- Wipe off all of the outside dust from your PSP, making sure all of the dust is EXTERNAL.
- Replace your battery and turn your PSP on. Make sure everything appears to be in working order.
- Pop in a memory stick and attempt to view a picture. If the picture remains blurry and never focuses, the screw nearest your memory stick may not be fastened all the way.
- Pop in a UMD Game and test all of the buttons, including the thumbstick, making sure all of them function properly. If any of these don't work, make sure the screw nearest to that part is securely fastened.
Q: How do I get the tight screws loose?
A: A slow, back and forth rocking motion with the screwdriver should work, as long as you try and rotate the screw loose without your screwdriver hopping the ridges.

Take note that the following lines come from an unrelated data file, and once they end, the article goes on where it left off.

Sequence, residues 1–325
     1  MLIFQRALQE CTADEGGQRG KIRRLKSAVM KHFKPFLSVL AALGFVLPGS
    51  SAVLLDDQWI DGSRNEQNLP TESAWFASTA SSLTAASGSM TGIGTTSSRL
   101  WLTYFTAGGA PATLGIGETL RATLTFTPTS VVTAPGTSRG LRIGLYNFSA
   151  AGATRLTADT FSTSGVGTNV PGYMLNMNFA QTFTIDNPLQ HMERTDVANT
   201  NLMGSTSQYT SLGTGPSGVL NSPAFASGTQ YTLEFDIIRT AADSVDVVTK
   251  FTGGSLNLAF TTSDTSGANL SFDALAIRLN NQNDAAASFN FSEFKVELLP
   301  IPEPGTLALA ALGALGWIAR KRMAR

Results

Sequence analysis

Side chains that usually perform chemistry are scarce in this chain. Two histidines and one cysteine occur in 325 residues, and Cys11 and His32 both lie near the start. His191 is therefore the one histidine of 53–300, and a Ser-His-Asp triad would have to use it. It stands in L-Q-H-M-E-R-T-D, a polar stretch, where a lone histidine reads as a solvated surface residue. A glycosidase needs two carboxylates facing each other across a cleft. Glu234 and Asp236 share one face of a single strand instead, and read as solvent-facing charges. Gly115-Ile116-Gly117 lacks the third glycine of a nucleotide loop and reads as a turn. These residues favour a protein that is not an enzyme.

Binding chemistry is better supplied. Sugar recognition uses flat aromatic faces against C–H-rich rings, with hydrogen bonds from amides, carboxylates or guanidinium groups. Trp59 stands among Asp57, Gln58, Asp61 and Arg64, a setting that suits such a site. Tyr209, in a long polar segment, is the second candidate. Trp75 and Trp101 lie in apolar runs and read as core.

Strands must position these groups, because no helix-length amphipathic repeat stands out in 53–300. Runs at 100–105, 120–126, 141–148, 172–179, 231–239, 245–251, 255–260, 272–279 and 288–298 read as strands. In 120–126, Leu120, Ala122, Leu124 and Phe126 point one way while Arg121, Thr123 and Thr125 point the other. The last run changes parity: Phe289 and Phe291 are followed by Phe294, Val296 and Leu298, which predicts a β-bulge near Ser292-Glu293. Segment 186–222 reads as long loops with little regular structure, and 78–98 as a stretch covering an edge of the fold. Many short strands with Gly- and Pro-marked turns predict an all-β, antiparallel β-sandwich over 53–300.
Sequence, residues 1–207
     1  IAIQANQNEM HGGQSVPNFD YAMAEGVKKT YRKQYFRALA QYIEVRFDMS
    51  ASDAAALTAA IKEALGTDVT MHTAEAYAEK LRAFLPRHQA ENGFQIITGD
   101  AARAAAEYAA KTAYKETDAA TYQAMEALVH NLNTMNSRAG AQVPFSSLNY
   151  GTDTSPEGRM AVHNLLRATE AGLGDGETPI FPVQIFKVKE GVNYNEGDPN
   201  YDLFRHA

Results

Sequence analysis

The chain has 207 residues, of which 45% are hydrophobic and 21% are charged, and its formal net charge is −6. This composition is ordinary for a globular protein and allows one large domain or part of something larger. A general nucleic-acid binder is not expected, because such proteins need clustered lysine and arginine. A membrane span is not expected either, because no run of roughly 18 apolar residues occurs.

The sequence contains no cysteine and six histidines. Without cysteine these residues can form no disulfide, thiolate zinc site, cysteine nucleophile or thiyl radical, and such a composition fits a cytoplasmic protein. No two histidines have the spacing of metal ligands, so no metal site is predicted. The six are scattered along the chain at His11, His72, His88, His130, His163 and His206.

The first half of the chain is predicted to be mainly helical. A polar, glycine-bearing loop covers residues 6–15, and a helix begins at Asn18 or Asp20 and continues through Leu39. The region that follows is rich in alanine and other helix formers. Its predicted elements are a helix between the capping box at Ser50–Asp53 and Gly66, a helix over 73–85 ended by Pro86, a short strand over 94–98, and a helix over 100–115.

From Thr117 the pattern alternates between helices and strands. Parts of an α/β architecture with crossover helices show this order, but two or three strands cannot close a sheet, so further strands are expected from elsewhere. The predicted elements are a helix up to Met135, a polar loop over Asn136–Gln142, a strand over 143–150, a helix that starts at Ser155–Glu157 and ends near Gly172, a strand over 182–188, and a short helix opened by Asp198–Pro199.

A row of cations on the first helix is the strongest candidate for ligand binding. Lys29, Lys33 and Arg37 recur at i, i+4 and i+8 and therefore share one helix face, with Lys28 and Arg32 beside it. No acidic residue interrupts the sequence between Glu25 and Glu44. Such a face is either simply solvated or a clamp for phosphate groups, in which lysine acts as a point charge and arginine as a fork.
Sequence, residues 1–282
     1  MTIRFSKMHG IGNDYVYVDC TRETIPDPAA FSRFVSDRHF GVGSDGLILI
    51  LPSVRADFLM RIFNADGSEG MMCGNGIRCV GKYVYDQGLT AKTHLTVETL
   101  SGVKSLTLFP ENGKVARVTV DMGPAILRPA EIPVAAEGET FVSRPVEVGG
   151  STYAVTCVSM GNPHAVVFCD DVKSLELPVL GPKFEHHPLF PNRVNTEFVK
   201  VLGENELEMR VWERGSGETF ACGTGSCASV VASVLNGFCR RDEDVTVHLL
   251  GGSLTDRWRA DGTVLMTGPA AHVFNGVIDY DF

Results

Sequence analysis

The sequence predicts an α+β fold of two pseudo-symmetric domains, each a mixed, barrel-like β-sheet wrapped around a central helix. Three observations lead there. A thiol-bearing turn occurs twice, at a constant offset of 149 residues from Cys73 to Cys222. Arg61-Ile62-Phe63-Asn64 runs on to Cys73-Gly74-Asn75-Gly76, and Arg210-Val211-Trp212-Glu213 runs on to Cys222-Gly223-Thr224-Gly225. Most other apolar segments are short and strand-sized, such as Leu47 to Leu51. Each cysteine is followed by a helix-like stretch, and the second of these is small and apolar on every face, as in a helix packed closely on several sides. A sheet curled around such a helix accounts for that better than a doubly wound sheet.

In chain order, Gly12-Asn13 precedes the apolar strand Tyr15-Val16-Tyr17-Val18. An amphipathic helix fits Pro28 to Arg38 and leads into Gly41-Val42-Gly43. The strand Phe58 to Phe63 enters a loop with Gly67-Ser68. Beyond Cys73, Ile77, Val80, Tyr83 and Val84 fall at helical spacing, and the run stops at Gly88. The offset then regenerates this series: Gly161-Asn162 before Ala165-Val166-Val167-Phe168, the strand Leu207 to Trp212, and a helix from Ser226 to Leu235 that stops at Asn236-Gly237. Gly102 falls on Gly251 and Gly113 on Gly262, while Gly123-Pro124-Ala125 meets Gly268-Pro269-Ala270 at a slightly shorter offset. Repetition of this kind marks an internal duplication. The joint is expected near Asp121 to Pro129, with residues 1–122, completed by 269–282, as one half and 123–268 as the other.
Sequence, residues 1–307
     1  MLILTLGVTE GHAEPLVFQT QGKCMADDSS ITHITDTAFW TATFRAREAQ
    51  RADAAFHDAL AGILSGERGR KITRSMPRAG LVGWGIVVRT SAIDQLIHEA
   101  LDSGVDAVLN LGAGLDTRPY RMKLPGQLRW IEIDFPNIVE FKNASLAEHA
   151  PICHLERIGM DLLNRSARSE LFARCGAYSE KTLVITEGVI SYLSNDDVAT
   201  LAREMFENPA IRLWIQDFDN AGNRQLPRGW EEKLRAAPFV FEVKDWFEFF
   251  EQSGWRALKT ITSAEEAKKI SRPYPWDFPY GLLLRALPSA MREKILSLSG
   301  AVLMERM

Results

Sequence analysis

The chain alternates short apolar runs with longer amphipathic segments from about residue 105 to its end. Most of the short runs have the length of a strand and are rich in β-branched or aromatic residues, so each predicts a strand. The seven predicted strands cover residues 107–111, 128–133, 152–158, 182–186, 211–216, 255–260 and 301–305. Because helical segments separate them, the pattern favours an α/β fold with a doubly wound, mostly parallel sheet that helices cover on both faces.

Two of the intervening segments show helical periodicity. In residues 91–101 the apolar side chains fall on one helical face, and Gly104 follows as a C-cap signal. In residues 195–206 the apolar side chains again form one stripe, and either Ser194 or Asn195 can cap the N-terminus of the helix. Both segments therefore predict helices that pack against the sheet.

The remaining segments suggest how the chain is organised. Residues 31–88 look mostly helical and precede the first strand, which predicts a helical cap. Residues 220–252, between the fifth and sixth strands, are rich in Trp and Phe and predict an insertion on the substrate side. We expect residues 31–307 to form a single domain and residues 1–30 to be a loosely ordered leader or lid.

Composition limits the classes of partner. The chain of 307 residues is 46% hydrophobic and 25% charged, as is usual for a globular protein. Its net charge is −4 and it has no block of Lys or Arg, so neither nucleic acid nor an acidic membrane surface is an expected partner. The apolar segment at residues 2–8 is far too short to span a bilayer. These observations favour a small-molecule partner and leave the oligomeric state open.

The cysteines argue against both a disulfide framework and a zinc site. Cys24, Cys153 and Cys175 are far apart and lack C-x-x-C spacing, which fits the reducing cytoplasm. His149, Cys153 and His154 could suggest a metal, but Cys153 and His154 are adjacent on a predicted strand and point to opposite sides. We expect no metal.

Q: I don't have any grip left in my screws! The screwdriver just turns! What should I do?
A: Give up. You've stripped the heads. As long as you can still feel a little bit of grip in the head of your screw and it still looks like a plus sign, there is still hope. However, if you HAVE drilled out the head of your screw, there is a strong chance that if you keep trying, you're going to get careless and damage your PSP. Even if you have stipped the heads of the screws, this shouldn't affect the working parts of your PSP, and it should be undamaged. Whether you are trying to clean out the dust, install a new faceplate, or any other reason, you have to decide if that is important enough to you that you would risk damaging, even destroying your PSP. And if it's still in the same working order as it was before, I say you're lucky.